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WHO Classification of Tumours
Paget disease, extramammary
Skin


Definition

Extramammary Paget disease (EMP) is a rare intraepidermal apocrine adenocarcinoma arising mainly in the female and male genital areas. A minority of cases involve axillae, eyelids and external auditory canals. The tumour may eventually invade the dermis and acquire metastatic potential. Primary EMP most likely originates from intraepidermal cells of apocrine gland ducts. Secondary EMP represents migration of an underlying internal malignancy to the epidermis.
EMP presents as a pruritic or burning, scaly, erythematous and sometimes ulcerated plaque. Histologically, the tumour is characterized by large, atypical neoplastic cells (Paget cells) featuring large nuclei with prominent nucleoli and abundant pale cytoplasm. They are scattered singly or in small clusters throughout the epidermis and are prone to track along skin appendages. The epidermis is often hyperkeratotic and acanthotic; the epidermal changes are accompanied by a dermal perivascular lymphohistiocytic infiltrate.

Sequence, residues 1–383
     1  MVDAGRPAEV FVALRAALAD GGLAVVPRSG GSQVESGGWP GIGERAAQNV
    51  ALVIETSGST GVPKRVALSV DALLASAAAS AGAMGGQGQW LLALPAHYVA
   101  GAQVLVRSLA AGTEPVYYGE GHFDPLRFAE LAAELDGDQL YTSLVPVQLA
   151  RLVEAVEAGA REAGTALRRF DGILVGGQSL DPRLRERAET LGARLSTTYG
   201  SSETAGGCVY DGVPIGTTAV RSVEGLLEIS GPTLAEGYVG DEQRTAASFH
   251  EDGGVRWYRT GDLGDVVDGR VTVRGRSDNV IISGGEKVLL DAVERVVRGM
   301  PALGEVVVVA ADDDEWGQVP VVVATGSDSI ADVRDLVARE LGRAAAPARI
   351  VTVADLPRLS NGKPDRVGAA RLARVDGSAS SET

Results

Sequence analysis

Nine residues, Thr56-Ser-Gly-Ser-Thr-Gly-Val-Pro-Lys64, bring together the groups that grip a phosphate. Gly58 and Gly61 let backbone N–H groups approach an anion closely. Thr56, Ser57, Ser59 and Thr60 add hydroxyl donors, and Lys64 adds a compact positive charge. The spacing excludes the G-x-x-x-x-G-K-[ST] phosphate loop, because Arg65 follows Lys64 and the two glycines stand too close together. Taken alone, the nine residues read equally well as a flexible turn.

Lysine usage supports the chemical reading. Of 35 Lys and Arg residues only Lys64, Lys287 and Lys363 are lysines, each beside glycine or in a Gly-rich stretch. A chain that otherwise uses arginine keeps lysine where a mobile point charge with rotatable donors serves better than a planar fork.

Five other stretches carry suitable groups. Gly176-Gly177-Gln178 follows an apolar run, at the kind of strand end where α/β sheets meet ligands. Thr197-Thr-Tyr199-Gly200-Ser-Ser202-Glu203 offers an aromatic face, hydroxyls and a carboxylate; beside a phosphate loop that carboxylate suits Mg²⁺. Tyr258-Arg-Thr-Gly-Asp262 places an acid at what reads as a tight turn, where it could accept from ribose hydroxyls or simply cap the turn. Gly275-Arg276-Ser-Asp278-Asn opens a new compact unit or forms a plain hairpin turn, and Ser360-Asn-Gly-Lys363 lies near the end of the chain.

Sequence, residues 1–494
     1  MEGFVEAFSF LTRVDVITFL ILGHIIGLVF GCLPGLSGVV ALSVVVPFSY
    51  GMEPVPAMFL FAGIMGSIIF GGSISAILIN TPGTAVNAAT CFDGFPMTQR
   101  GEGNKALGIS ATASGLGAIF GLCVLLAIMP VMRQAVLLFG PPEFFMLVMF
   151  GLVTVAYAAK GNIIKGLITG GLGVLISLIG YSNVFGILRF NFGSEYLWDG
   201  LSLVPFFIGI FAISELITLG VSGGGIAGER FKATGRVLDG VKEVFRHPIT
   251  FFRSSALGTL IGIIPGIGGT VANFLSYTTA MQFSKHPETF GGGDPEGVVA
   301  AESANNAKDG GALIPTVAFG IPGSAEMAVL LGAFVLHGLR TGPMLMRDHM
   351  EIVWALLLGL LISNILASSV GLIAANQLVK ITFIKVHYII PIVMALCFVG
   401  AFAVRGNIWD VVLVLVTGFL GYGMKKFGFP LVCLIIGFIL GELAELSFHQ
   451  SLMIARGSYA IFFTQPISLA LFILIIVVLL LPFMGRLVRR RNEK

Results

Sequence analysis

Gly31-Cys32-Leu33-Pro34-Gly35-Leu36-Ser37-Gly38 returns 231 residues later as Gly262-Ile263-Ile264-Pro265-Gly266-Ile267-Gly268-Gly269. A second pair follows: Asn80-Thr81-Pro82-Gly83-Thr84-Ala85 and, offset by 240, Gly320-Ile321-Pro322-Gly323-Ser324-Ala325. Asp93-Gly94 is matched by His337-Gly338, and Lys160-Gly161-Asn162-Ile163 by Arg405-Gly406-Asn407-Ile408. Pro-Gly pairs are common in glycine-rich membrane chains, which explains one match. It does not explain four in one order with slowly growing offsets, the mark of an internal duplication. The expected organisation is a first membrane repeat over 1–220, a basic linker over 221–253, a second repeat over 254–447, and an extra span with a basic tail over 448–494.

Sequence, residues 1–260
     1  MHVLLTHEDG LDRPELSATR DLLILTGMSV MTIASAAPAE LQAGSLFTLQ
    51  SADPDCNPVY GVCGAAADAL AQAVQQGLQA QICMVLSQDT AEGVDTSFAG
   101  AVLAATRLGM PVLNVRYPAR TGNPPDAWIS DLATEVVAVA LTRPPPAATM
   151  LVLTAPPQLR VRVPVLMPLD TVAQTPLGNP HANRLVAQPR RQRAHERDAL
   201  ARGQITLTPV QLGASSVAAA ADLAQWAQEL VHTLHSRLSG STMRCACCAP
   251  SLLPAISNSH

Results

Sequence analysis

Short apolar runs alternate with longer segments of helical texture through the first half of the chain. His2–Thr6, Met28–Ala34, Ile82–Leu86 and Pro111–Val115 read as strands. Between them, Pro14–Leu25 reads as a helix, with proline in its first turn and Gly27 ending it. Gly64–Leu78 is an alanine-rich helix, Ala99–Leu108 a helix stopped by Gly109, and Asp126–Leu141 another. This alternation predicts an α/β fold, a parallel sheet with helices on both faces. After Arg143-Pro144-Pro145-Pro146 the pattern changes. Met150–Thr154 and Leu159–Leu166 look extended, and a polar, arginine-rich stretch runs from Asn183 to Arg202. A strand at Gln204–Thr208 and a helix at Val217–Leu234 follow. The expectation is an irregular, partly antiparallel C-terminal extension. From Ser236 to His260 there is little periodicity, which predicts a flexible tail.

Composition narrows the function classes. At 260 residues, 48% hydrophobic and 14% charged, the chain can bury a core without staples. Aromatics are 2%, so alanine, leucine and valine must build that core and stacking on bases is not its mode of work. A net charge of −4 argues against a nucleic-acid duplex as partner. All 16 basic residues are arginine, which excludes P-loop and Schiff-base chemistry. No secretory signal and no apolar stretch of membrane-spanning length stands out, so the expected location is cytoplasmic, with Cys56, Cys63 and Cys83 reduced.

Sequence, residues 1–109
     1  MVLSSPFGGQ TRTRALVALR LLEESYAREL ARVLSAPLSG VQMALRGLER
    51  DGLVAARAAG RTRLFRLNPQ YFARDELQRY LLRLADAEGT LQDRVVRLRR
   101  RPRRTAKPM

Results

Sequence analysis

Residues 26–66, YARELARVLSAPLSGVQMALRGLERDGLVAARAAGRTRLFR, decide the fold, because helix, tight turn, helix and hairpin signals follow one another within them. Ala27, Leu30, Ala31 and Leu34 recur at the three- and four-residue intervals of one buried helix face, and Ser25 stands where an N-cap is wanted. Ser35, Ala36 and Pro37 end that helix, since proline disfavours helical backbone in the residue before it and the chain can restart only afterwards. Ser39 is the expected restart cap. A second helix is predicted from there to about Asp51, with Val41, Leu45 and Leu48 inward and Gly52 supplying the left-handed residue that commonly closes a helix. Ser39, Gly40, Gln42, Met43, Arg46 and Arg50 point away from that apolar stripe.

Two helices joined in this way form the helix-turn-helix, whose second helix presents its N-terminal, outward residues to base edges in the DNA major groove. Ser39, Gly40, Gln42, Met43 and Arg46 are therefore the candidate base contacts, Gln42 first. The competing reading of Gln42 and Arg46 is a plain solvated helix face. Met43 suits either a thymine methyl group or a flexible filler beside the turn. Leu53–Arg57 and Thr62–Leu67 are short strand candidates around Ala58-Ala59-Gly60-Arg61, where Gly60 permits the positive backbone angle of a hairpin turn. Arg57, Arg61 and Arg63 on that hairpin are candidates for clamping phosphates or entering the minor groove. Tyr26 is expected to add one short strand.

Extramammary Paget disease mainly affects patients >60 years of age. Genital EMP shows a predilection for women. Primary EMP has a recurrence rate of approximately 30%, but typically does not metastasize. Approximately 10% of patients develop invasive adenocarcinoma that may progress to metastatic disease. The prognosis for secondary EMP depends on the characteristics of the associated internal tumour

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LeBoit PE, Burg G, Weedon D, Sarasin A (Eds.)
World Health Organization Classification of Tumours. Pathology and Genetics of Skin Tumours
3rd Edition
IARC Press: Lyon 2005



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